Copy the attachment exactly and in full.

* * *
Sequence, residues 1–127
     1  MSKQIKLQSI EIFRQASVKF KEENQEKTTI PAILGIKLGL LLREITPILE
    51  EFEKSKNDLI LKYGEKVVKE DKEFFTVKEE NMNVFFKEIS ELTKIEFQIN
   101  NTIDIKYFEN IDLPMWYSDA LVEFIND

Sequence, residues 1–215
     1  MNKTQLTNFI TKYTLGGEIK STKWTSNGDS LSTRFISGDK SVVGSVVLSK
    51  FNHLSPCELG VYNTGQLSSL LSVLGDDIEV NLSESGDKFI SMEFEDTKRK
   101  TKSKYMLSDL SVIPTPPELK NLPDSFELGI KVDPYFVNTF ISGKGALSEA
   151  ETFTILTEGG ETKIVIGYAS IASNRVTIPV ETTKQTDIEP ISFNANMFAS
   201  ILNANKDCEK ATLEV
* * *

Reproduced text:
Sequence, residues 1–127
     1  MSKQIKLQSI EIFRQASVKF KEENQEKTTI PAILGIKLGL LLREITPILE
    51  EFEKSKNDLI LKYGEKVVKE DKEFFTVKEE NMNVFFKEIS ELTKIEFQIN
   101  NTIDIKYFEN IDLPMWYSDA LVEFIND

Sequence, residues 1–215
     1  MNKTQLTNFI TKYTLGGEIK STKWTSNGDS LSTRFISGDK SVVGSVVLSK
    51  FNHLSPCELG VYNTGQLSSL LSVLGDDIEV NLSESGDKFI SMEFEDTKRK
   101  TKSKYMLSDL SVIPTPPELK NLPDSFELGI KVDPYFVNTF ISGKGALSEA
   151  ETFTILTEGG ETKIVIGYAS IASNRVTIPV ETTKQTDIEP ISFNANMFAS
   201  ILNANKDCEK ATLEV